LINCOLN — Taylor Martinez heard he'd run 118 yards. Or maybe it was 128.
On a score sheet, his winding, dramatic touchdown run against Wisconsin counted for just 76. In Martinez's mind, the moment was a blurry, moving picture projected on a canvas of instinct. A single melody on a night otherwise full of loud, ugly crashes.
“I just go out there and play,” Martinez said in his first comments since the Huskers' 70-31 loss to Wisconsin. “I don't really think about stuff.”
That is the adventuresome Martinez who accounted for 3,640 total yards, 31 total touchdowns, three fourth-quarter comebacks and, yes, untimely fumbles and interceptions.
But the journey the 6-foot-1, 200-pound junior took this year off the field — from oft-criticized question mark to being elected captain and team MVP by his teammates — involved considerable thought.
Long conversations with offensive coordinator Tim Beck. An offseason training program with personal quarterbacks coach Steve Calhoun. A growing relationship with teammates who may have once doubted his leadership, if not his playmaking skills.
“He's earned a lot,” Beck said. “He's grown a lot.”
“He's our calm in the storm,” wide receiver Tim Marlowe said. “He's improved so much — both football-wise and preparation-wise.”
“It shows I actually am becoming a captain, I guess,” Martinez said in his own laconic, off-hand manner.
I-back Ameer Abdullah — who grew up himself in relief of Rex Burkhead this year — saw Martinez start to assume more of a leadership role in spring workouts, especially when teammates felt tired or frustrated with the long slog of practices without much relief.
We're not going to have a bad day, Abdullah remembered Martinez saying. We're not going to come out here sluggish. I'm going to set the tone, and I expect you guys to follow.
“Everybody wanted a quarterback like that,” Abdullah said. “I appreciated it ... it was reassuring that our team was headed in the right way.”
Some of this growth was prompted by Beck, in his second year with Martinez and directing the Huskers' offense. Beck understood that Martinez was not wired like graduate assistant and former NU quarterback Joe Ganz — who's quick with a challenge or a joke — but he didn't want to absolve Martinez of the responsibility. In turn, Martinez wanted more command of the offense.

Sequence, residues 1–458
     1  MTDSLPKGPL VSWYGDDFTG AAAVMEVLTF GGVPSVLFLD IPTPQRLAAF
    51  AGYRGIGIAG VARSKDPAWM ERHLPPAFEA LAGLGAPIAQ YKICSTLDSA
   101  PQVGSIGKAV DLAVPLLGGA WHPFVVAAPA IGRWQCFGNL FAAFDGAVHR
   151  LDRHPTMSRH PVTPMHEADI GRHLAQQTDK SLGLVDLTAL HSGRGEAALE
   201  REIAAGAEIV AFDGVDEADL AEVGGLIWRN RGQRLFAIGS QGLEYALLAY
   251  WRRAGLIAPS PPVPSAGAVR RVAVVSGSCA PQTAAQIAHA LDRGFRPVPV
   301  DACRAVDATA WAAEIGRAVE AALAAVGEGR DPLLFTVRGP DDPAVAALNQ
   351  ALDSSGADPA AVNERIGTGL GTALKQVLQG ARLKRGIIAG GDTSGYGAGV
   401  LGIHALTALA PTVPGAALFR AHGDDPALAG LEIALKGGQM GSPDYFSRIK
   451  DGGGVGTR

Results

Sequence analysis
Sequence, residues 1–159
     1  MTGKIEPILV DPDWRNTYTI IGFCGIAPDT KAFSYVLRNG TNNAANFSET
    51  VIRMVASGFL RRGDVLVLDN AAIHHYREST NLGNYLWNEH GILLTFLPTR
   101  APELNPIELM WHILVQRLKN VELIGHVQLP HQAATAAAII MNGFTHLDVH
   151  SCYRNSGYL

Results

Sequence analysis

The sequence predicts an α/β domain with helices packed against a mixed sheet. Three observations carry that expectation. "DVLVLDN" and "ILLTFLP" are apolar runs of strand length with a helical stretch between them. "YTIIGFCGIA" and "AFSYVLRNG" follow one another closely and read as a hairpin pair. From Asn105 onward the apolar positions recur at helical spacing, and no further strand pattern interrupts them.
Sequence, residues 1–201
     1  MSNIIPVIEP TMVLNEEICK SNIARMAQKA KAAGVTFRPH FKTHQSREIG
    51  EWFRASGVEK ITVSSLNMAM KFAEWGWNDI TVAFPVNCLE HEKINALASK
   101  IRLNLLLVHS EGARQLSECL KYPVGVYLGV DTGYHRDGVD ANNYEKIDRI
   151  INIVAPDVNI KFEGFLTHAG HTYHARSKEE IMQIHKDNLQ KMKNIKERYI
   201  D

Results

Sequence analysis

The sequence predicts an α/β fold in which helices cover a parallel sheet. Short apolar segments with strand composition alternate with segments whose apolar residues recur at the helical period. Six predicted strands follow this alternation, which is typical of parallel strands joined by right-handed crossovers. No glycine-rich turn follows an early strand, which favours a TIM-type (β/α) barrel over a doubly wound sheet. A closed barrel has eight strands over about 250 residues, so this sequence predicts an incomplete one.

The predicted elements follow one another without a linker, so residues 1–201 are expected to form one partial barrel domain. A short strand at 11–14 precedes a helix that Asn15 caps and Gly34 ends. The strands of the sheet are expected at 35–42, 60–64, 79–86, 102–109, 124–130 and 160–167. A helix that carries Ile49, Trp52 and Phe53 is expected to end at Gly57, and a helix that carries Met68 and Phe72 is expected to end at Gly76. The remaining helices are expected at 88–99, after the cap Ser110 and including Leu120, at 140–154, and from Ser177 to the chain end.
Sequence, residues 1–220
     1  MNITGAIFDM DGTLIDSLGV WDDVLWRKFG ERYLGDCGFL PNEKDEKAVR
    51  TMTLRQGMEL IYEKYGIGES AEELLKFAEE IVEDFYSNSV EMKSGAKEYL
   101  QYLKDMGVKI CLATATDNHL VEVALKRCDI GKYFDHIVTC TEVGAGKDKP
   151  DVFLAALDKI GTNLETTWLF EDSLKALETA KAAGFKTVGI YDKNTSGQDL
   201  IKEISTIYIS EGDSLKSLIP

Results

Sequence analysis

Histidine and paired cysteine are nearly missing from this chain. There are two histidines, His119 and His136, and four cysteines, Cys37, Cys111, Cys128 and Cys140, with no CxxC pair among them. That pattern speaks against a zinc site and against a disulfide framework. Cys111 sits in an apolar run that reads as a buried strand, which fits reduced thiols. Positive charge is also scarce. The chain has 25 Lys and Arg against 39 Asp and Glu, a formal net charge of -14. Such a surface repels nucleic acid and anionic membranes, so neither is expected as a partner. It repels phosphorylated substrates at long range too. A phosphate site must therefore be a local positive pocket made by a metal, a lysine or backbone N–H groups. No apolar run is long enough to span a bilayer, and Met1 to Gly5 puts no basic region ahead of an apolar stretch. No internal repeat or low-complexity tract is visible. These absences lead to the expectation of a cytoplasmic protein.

“I tell him like it is,” Beck said. “He tells me like it is. I don't have a tremendous ego. He doesn't hurt my feelings. I know he wants to win. He knows I'm going to push him — give him a certain amount of rope. And when he crosses (the line), we address it. It's been a good relationship for us.”
Martinez's summer workouts with Calhoun deepened his commitment. Calhoun — who's worked with Jake Locker and Cam Newton, among other quarterbacks — instructed Martinez in better footwork and clearing his front shoulder faster as he threw at a target. The result: Martinez's completion rate (62.2) is six percentage points higher than it was in 2011 (56.2), and he's thrown for 578 more yards and eight more touchdowns than he did last year.
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A good chunk of those extra yards came in comebacks against Northwestern, Michigan State and Penn State, three of the six victories in coach Bo Pelini's “win-out” challenge posed to the team after a 63-38 loss to Ohio State. The string of victories almost sputtered immediately in Evanston as the Huskers trailed 28-16 and Northwestern dropped two certain interceptions midway through the fourth quarter.
But from there, Martinez caught fire and tossed two touchdowns. He overcame a 10-point fourth-quarter deficit at Michigan State. And against Penn State — arguably the best team NU beat all season — Martinez threw a perfect 56-yard pass to tight end Kyler Reed running up the seam to set up the game-winning touchdown, a short slant thrown to Jamal Turner.
“He has a lot of resolve about him,” Abdullah said. “He doesn't stay down.”
He does get sheepishly embarrassed, though, and one way teammates this year showed their affection for Martinez was to tease him. After the Michigan State win, defensive end Eric Martin picked Martinez up on the field in front of several cameras and held him there for 30 seconds. Martinez smiled and squirmed to get down. Safety P.J. Smith then kissed Martinez on the cheek in the postgame press conference. Even Tuesday, teammates yelled jokes at Martinez as he talked to the media.
They're aware of his conflicted feelings toward the press.
Martinez didn't fix every flaw and correct every mistake this season. He could not rescue NU in the loss to Wisconsin — the quarterback called the game “a nightmare” — and a few decisions only dug the Husker hole deeper. Beck said Martinez's ball security when running and dropping back to throw has to improve. And there are times when he'll try too hard to make a play. But Beck doesn't plan on downsizing Martinez's role in the offense.
“The guy's gonna have 30-something passes and 20-something carries sometimes,” Beck said. “We're a high-risk offense. A lot of times, we don't even know who's getting the ball. He's got a handoff read, a run read and a throw read all in one play.”
He's still the straw that stirs the Huskers' drink on offense. And now, he'll stir it as an elected captain.
“It was awesome — especially since it was voted on throughout the team,” Martinez said. “It meant a lot to me.”
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